The Rajpoots, among whom the practice of infanticide has the most prevailed, appear to have been aware of the enormity of the measure; and while they have urged the plea of necessity, to have been conscious how untenable such a plea must have been, in opposition to the immutable principles of truth and nature. Still, the insurmountable apprehension of disgrace to their families, feudal pride, and long-established custom have predominated over every other consideration.

To those who would make the sword the law, and hasten forward events by opposing cannon to such powerfully religious and national prejudices, which have subsisted, as these people believe, for centuries before the Christian era, instead of patiently allowing the slow, but certain progress of intelligence, directed by prudence and perseverance, to undermine their hitherto adamantine bases, I would recommend the attentive perusal of the following pages from the pen of a gentleman, whose long residence among the Rajpoots has stored his mind with an intimate knowledge of their habits and manners, their lofty principles of independence, their feudal pride, their prejudices, and above all, their power. If, then, there be any who would attempt to put down the practices which have been now described, and which cannot be too much deprecated, by force, instead of the better weapons of reason and persuasion, let them, in the first place, recollect that the Rajpoots do Not acknowledge our authority; and, in the next, calculate upon the awful responsibility which that man would incur, who should first attempt to subvert, by such means, the independence of these people, for the sole purpose of intermeddling with, and striving to suppress customs, which they have considered, for ages, to have been their surest safeguards against dishonour and disgrace. *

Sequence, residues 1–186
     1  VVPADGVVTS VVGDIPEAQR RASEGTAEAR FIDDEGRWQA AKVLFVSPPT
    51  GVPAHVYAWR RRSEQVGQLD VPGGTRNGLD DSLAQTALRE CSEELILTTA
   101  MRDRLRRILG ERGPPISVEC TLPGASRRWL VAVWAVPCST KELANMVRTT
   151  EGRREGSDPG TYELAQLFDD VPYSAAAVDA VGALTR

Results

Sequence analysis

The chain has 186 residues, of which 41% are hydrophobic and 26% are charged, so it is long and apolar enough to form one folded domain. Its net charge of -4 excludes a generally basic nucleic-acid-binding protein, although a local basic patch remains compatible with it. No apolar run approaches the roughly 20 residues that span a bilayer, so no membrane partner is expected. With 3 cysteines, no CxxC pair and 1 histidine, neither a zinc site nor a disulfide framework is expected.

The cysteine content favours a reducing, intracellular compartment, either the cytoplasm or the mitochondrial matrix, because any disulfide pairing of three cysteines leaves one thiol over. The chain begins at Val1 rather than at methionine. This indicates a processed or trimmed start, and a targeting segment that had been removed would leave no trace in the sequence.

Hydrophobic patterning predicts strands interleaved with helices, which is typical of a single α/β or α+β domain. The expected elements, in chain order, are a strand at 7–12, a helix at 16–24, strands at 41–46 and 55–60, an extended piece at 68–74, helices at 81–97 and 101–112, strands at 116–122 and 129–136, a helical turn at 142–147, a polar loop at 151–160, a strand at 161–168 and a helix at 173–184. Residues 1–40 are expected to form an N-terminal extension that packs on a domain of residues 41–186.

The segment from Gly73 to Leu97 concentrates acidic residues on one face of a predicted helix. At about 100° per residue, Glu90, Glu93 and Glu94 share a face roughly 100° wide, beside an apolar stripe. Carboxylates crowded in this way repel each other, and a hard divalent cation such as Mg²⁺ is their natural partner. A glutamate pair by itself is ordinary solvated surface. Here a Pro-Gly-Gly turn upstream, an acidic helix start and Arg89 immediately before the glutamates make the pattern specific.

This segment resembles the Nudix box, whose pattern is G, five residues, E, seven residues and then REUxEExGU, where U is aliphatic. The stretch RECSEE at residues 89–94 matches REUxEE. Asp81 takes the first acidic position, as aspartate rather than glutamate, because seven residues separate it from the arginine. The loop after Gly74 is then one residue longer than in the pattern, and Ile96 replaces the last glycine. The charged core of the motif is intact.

"Although," says Colonel Tod, " custom sanctions, and religion rewards a sati (or suttee), yet, to the honour of humanity, neither traditionary adage nor religious text can be quoted, in support of a practice so revolting as infanticide. Man, alone, of the whole animal creation, is equal to the task of destroying his offspring. When a female is born, no anxious enquiries await the mother, no greetings welcome the new comer, who appears an intruder on the scene which often closes in the hour of its birth. But the very silence with which a female birth is accompanied forcibly expresses sorrow. Families may exult in the satis which their cenotaphs pourtray, but none ever heard a Rajpoot boast of the destruction of his infant progeny. What are the causes, we may ask, sufficiently powerful to induce the suppression of a feeling which every sentient being has in common for its offspring? To suppose a Rajpoot devoid of this sentiment, would argue his deficiency in the ordinary attributes of humanity. Often is he heard to exclaim, "accursed is the day when a woman child was born to me." That woman child he dares not see degraded, and he gives the opiate to his infant, whom he cannot portion to marry to her equal.